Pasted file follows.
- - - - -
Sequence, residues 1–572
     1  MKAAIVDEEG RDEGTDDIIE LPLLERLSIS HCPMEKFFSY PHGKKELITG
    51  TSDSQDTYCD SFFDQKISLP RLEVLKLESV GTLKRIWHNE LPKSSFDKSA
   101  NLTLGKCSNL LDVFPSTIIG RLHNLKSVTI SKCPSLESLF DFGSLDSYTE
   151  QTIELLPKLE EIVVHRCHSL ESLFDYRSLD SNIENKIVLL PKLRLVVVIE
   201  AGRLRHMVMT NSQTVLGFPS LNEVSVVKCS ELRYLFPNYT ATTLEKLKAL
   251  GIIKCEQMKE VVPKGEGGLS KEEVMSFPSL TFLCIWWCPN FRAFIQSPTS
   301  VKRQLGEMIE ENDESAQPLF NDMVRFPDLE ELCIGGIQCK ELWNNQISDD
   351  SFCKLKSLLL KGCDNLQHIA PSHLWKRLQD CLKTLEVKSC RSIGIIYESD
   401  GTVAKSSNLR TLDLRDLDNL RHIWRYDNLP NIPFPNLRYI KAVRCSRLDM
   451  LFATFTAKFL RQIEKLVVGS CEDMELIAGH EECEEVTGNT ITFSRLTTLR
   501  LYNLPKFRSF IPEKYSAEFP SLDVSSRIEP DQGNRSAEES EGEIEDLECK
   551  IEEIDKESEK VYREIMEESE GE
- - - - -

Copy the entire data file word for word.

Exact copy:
Sequence, residues 1–572
     1  MKAAIVDEEG RDEGTDDIIE LPLLERLSIS HCPMEKFFSY PHGKKELITG
    51  TSDSQDTYCD SFFDQKISLP RLEVLKLESV GTLKRIWHNE LPKSSFDKSA
   101  NLTLGKCSNL LDVFPSTIIG RLHNLKSVTI SKCPSLESLF DFGSLDSYTE
   151  QTIELLPKLE EIVVHRCHSL ESLFDYRSLD SNIENKIVLL PKLRLVVVIE
   201  AGRLRHMVMT NSQTVLGFPS LNEVSVVKCS ELRYLFPNYT ATTLEKLKAL
   251  GIIKCEQMKE VVPKGEGGLS KEEVMSFPSL TFLCIWWCPN FRAFIQSPTS
   301  VKRQLGEMIE ENDESAQPLF NDMVRFPDLE ELCIGGIQCK ELWNNQISDD
   351  SFCKLKSLLL KGCDNLQHIA PSHLWKRLQD CLKTLEVKSC RSIGIIYESD
   401  GTVAKSSNLR TLDLRDLDNL RHIWRYDNLP NIPFPNLRYI KAVRCSRLDM
   451  LFATFTAKFL RQIEKLVVGS CEDMELIAGH EECEEVTGNT ITFSRLTTLR
   501  LYNLPKFRSF IPEKYSAEFP SLDVSSRIEP DQGNRSAEES EGEIEDLECK
   551  IEEIDKESEK VYREIMEESE GE